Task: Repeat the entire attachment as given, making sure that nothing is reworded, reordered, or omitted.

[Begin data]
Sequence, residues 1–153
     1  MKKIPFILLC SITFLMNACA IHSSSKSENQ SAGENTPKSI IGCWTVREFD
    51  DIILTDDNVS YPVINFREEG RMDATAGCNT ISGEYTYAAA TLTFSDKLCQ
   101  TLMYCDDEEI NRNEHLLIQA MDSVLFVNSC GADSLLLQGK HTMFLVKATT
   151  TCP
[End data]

Sequence, residues 1–153
     1  MKKIPFILLC SITFLMNACA IHSSSKSENQ SAGENTPKSI IGCWTVREFD
    51  DIILTDDNVS YPVINFREEG RMDATAGCNT ISGEYTYAAA TLTFSDKLCQ
   101  TLMYCDDEEI NRNEHLLIQA MDSVLFVNSC GADSLLLQGK HTMFLVKATT
   151  TCP